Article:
10 Surprising Lessons from the World’s Most Successful Talent Hotbed

Here’s a fascinating question.

If you had the chance to take an insider look at one of the world’s most successful talent hotbeds, which would you choose?

Daniel Coyle, the author of The Talent Code, defines talent hotbeds as places where usually are small, low-key, operations but produces extraordinary disproportionate results. For instance, Coyle visited a dilapidated facility in Russia with a single tennis court that over a period of three years produced more top twenty professional tennis players than the entire United States.

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What perhaps the talent hotbed that produces the most amazing results isn’t Russia. It’s China, namely the Chinese divers.

The Chinese divers do not merely dominate the sport, they are a class of their own. They are more like diving ‘gods.’ In the last World Cup of Diving, China has won gold and silver in every single event. That is, in nine events, no diver from any other country beat a single Chinese diver. The results from Olympics also affirm their diving prowess. They won 24 of a possible 32 gold medals. The stats are simply mind-boggling.

Rett Larson is a performance manager for the Chinese diving team and lives part-time in Shanghai where he is instrumental in developing and overseeing the team’s training. So, check out Rett’s video below and expect to be amazed!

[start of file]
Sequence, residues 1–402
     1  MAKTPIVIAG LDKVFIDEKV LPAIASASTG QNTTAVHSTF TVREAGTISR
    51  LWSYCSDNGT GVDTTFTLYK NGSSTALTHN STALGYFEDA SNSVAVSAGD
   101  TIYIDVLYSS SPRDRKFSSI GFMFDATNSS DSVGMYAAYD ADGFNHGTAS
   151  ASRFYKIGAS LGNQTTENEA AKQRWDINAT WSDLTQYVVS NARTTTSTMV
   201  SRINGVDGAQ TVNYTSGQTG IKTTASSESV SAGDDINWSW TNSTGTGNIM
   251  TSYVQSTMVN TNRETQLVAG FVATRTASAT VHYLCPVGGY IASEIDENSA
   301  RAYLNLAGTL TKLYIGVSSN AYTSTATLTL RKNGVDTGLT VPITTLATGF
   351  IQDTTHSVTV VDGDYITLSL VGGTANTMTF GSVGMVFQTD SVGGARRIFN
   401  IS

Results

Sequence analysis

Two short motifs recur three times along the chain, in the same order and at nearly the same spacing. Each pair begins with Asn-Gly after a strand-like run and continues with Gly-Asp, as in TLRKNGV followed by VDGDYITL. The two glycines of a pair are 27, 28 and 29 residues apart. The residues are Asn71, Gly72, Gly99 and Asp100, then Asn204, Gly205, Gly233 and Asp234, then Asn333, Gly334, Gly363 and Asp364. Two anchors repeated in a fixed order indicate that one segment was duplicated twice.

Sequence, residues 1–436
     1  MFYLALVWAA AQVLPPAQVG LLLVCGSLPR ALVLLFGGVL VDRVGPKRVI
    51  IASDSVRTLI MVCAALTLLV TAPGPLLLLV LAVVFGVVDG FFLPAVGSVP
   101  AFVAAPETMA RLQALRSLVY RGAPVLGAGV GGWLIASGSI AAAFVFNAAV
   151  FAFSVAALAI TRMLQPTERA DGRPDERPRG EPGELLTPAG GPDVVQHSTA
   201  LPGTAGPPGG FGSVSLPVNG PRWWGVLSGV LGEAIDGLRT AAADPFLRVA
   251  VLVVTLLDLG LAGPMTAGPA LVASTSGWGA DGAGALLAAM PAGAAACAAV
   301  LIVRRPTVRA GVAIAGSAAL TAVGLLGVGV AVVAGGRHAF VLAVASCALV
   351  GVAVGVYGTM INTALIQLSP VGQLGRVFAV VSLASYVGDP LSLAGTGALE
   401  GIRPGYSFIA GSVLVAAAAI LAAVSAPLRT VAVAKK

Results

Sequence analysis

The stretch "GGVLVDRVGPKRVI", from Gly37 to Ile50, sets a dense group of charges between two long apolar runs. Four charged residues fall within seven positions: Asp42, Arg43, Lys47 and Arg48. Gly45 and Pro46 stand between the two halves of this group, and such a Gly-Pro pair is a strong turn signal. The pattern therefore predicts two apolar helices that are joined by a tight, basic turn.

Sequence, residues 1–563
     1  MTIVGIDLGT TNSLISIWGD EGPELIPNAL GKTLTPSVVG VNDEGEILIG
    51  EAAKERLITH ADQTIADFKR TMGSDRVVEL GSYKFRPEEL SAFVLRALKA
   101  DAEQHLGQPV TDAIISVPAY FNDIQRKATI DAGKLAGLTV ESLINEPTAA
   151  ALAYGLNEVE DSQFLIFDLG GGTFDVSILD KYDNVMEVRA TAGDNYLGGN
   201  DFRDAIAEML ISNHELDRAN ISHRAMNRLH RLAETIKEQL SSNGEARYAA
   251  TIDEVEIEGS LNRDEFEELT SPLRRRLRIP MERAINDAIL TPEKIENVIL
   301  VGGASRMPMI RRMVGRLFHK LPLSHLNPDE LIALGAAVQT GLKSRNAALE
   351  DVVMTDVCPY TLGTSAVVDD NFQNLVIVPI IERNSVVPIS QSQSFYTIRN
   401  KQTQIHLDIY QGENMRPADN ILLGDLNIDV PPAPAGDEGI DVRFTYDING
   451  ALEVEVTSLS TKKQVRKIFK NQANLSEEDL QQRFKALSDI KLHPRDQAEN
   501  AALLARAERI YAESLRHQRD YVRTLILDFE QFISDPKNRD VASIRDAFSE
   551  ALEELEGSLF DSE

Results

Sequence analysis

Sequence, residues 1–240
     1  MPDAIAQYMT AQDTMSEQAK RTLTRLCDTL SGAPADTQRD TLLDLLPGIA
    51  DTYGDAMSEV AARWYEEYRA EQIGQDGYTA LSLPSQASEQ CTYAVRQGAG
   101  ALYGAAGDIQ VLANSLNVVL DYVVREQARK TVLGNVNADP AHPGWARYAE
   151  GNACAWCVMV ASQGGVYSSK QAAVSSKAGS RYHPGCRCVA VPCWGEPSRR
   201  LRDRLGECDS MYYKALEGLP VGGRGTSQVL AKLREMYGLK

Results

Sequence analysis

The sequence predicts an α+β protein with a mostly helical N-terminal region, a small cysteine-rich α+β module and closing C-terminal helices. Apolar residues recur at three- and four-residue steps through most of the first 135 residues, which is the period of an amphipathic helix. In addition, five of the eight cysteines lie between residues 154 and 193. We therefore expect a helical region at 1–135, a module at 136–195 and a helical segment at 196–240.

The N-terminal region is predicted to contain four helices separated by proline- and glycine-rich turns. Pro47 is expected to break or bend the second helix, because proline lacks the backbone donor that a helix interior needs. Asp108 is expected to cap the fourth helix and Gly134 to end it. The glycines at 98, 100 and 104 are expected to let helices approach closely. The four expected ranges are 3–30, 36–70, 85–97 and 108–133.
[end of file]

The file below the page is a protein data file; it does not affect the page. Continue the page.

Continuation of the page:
Rett shared this incredible list of ten lessons he has learned from the world’s top talent hotbed:

1. We mix ages like crazy

The juniors aren’t all lumped together like they are in most systems — instead, three-time Gold medalists train with top 10-year-olds.  Each diving coach might be responsible for five athletes – three Olympic veterans and two juniors.  The juniors get to mirror the elites all day, from training to eating to bedtimes. It also creates a sense of humility in the juniors, who have likely dominated in their provinces since they were six years old.

2. We spend most of our time working on super-basic dives

The Chinese have a higher training volume than the rest of the world – often more than 100 dives per day.  But many of those dives are very basic.  The first ten dives of the day might all be starting with your butt on the edge of the platform and falling into a simple dive. That’s it — and that’s the point.

3. We applaud spectacular failures

For the past decade China has won almost every competition by doing simple dives very, very well.  Their technical proficiency is incredible because they practice longer and harder than any other country.  But, they also know that they have to push themselves and innovate.  You’ll see in the video a male diver attempting to be the first human to do four flips from the 10-meter board starting from a handstand. He doesn’t make it — spectacularly. What you don’t see is the ovation he gets from the rest of the team after his failed attempt.

4. We are obsessive about coaching every single rep

Each dive is given feedback, even the basic ones. A dozen coaches sit on the side of the pool and give immediate feedback on every dive that their athlete performs that day.